We are suffering just now from a bad attack of economic pessimism. It is common to hear people say that the epoch of enormous economic progress which characterized the century is over; that the rapid improvement in the standard of living is now going to slow down…that a decline in prosperity is more likely than an improvement in the decade which lies ahead of us.
No, this passage did not come directly out of a speech by Federal Reserve Chairman Ben Bernanke in the midst of the 2008–2009 recession, nor President Obama’s inaugural address. It comes from a talk given in 1928 by the not-yet globally renowned John Maynard Keynes to a group of high school students. The title of the talk, which appeared in print in 1930, was “Economic Possibilities for Our Grandchildren.”
Keynes argued that the doomsayers of his day were excessively focused on the short term. This tendency blinded them to what Keynes termed the “true interpretation of the trend of things”: The long-term movement of history driven by the miracle of capital accumulation. As Keynes—father of macroeconomics and innovator of the concept of government-led economic stimulus—saw it, by saving and investing in productive machines, each successive generation could produce more than the one before, thereby increasing the resources each person could consume and (potentially) save over time. As such a process followed its natural course, Keynes foresaw a rosy outcome for humanity: “Assuming no important wars and no important increase in population, the economic problem may be solved, or at least within sight of solution, within a hundred years.”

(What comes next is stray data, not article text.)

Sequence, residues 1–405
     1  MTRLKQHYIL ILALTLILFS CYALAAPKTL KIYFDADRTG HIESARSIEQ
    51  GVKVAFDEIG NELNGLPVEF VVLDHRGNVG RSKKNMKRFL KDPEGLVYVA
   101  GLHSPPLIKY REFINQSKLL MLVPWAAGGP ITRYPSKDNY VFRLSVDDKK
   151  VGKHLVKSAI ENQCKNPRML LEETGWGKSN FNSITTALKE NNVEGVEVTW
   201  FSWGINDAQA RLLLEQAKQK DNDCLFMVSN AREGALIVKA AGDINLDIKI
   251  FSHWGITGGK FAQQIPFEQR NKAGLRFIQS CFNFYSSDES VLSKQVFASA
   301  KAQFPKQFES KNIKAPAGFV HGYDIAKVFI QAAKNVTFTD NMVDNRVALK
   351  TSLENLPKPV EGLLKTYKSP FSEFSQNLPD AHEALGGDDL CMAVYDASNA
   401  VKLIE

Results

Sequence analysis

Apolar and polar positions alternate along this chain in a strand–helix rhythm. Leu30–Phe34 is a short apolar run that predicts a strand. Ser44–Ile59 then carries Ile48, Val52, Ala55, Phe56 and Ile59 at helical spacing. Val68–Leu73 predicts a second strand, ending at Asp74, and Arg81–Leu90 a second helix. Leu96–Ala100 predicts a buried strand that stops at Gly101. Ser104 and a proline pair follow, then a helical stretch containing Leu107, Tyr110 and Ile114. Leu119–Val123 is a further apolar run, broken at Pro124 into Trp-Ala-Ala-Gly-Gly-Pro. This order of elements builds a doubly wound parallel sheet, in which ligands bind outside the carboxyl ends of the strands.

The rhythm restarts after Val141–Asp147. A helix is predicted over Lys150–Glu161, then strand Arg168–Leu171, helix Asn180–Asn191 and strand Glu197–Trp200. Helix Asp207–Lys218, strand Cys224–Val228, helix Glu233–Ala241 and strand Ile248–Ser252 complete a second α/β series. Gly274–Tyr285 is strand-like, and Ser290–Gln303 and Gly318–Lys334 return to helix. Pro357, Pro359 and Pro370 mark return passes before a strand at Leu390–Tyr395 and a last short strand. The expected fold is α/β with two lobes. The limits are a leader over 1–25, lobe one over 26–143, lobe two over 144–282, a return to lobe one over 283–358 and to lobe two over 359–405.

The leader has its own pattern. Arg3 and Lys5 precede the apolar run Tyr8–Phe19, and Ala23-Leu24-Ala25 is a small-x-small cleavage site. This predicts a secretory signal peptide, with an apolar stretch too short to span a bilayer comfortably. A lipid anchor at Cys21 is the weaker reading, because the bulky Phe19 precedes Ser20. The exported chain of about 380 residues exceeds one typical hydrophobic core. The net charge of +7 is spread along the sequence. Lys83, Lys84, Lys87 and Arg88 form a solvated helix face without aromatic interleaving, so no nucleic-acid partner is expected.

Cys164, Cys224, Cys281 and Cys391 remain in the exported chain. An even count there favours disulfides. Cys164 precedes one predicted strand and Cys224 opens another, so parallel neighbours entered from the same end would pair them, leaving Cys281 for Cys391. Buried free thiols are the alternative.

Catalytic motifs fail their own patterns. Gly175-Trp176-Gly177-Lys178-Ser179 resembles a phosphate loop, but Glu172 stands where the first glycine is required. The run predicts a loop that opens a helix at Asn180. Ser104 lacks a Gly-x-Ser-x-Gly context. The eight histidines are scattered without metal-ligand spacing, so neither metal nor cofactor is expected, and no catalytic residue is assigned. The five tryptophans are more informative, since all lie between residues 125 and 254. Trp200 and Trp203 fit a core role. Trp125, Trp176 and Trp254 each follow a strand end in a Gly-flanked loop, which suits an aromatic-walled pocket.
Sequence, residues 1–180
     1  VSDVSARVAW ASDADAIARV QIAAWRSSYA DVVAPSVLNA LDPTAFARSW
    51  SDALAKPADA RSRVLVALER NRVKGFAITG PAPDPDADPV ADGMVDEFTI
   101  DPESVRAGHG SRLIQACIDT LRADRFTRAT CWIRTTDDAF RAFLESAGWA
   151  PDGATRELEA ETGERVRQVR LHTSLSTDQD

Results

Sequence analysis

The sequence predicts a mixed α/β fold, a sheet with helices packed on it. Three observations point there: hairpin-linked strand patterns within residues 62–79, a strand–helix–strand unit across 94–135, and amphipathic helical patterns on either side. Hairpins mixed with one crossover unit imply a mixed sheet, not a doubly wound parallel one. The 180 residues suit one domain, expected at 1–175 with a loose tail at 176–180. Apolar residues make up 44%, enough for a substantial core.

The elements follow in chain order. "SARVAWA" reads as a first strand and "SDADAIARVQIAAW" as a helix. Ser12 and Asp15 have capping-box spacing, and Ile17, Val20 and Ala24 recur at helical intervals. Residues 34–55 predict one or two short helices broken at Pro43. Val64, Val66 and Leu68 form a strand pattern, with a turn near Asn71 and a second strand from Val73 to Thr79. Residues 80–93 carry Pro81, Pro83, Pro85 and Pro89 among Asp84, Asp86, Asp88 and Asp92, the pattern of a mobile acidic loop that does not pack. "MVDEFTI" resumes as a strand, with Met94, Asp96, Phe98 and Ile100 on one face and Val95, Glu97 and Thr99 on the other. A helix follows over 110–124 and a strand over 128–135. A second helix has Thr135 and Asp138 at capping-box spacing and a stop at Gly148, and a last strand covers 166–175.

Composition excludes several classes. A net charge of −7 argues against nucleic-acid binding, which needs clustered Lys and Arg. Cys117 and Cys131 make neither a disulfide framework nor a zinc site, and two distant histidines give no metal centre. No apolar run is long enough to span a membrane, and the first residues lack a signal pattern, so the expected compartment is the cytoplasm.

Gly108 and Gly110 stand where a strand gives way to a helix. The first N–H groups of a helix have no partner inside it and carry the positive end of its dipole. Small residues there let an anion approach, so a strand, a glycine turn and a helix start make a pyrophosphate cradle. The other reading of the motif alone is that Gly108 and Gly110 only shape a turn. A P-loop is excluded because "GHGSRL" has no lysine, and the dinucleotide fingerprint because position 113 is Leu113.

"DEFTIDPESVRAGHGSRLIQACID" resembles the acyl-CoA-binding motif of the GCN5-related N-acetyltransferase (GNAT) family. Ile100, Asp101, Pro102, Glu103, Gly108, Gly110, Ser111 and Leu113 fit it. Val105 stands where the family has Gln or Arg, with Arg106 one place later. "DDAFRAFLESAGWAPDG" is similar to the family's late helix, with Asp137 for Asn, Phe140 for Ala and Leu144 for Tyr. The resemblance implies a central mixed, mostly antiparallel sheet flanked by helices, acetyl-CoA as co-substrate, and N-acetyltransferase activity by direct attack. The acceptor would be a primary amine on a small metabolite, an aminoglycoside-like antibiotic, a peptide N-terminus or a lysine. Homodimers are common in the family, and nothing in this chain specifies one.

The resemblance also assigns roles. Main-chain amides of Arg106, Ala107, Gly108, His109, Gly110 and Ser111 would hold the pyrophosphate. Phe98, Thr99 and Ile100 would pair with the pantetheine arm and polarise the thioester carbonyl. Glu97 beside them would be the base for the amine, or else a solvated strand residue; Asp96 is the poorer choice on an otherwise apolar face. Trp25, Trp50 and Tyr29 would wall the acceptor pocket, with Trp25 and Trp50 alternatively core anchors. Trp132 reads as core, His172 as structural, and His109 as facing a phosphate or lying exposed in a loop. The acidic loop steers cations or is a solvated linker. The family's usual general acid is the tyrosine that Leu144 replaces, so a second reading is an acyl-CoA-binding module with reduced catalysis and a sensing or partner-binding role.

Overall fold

What Keynes meant by this was that within a century, society would reach a point where life would stop getting better—not because progress had stagnated, but because life on average was good enough that there was no point in trying to improve it further. From that point forward, human society would cruise along at constant, but elevated, level of satisfaction. In the U.S., we term such a condition “living in Oregon.” Keynes had a different term: “bliss.”
A bumpy ride along the way to bliss was to be expected, but not feared. Indeed....